Welcome to episode 54 of the EdTech Situation Room from May 31, 2017, where technology news meets educational analysis. Visit http://edtechsr.com/links to access all referenced links from our show. This week while Jason Neiffer (@techsavvyteach) was out on assignment, returning special guest Miguel Guhlin (@mguhlin) joined Wes Fryer (@wfryer) to discuss cybersecurity and recommended anti-malware computing solutions. They also talked about efforts to salvage Twitter and Internet discourse by web 2.0 pioneer Evan Williams (@ev), the perils of moderating live video moderation, and recent commercial space milestones by SpaceX as well as Microsoft co-founder Paul Allen’s company, Vulcan Aerospace. For Geeks of the Week, Miguel shared Multcloud.com and CloudHQ.net as solutions for creating backup copies of cloud-based storage files, and Wes extolled TabPilot as a Mobile Device Management (MDM) platform. Next week we’ll be back to our regular live show time (Wednesday at 10 pm Eastern / 9 pm Central / 8 pm Mountain / 7 pm Pacific) and will welcome special guest, Dr. Scott McLeod (@mcleod). Please follow @edtechSR on Twitter to stay updated. As always thanks for tuning in and please share your feedback!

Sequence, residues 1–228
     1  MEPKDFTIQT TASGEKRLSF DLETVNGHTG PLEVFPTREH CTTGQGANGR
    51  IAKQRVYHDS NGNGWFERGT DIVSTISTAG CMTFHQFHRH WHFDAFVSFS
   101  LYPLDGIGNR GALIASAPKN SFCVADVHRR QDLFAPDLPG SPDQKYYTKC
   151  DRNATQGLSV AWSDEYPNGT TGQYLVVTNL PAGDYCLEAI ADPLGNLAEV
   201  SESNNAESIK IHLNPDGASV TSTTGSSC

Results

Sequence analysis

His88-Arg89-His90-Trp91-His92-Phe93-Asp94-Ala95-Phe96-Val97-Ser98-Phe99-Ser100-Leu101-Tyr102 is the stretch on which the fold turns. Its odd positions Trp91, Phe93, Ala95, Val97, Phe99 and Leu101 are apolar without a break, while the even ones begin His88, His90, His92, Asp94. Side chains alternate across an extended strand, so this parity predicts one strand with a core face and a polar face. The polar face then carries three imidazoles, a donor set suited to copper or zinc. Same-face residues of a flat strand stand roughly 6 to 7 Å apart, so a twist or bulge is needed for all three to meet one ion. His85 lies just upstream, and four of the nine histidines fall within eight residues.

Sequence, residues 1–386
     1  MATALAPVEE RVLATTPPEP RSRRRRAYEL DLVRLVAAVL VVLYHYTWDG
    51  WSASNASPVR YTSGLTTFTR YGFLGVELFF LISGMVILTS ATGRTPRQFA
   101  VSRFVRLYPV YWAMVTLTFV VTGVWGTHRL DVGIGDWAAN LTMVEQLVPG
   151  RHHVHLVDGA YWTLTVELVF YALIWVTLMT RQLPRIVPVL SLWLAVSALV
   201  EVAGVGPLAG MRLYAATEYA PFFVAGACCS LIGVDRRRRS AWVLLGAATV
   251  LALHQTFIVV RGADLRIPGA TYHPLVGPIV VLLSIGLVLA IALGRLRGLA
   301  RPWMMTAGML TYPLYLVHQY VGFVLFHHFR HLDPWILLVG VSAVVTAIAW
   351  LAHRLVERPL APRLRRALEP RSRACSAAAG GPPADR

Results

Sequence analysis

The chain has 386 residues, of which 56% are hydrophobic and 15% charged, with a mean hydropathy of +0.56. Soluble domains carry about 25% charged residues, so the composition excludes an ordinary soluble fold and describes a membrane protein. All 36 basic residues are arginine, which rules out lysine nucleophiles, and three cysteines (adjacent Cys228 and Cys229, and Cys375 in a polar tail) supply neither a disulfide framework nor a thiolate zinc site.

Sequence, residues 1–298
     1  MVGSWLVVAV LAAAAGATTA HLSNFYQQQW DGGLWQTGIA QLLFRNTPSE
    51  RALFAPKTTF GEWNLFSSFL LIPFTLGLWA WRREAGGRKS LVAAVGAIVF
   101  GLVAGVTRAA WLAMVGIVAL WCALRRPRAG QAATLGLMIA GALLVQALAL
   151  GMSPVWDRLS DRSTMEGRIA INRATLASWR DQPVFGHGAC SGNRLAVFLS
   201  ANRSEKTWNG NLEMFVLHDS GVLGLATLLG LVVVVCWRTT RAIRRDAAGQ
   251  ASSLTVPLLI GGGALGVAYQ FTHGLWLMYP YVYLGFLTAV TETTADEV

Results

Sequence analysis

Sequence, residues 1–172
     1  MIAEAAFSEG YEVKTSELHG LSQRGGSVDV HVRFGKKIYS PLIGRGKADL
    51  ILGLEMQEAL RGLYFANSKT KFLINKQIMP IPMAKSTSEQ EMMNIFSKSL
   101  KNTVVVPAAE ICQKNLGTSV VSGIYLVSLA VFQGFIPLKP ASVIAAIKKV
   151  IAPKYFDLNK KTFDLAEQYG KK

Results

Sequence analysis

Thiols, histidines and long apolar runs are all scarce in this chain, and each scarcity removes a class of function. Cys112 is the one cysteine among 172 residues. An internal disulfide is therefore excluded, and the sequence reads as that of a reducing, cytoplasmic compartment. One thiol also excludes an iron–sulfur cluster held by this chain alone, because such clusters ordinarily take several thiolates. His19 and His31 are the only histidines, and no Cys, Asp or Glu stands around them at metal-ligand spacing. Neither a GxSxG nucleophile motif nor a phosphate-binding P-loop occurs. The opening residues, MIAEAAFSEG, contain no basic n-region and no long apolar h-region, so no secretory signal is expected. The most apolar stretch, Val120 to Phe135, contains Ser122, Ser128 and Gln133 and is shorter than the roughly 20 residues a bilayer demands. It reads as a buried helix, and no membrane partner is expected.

Welcome to episode 52 of the EdTech Situation Room from May 17, 2017, where technology news meets educational analysis. Visit http://edtechsr.com/links to access all referenced links from our show. This week Jason Neiffer (@techsavvyteach), Ben Wilkoff (@bhwilkoff) and Wesley Fryer (@wfryer) discussed an array of exciting announcements from today’s Google i/o conference, as well as an interesting but disturbing video from the May 10th Microsoft Build Conference perhaps foreshadowing our “privacy free future” powered by ubiquitous surveillance cameras, artificial intelligence and machine learning. Panelists also discussed the recent WCry worm whose ransomeware payload has made headlines and wreaked havoc on unpatched (as well as pirated) Windows-powered computers worldwide. The response of Microsoft’s President, Brad Smith, was a call for national governments to stop stockpiling computer exploits like this one originally developed by the NSA and leaked to the public. Topics also included the possibility of a forthcoming Siri-powered home assistant from Apple (perhaps to be announced in June at WWDC), a new aggregation of compromised 560 million email credentials (yes it might be time to change your password) making it even easier for hackers to ruin your life. Wes also mentioned the ATLIS 2017 session “Copyright & Intellectual Property: Who Owns What Teachers and Students Create in Your School?” in the context of photo sharing of student photos taken at school. Please follow us on Twitter (@edtechSR) to stay up to date on upcoming shows and infrequent show start time changes. Generally you can join us live at 10 pm Eastern / 9 pm Central / 8 pm Mountain / 7 pm Pacific on Wednesday nights on YouTube Live! Please share feedback with us if you listen to the show, have ideas for future show topics, or have a suggestion for a guest on a future episode.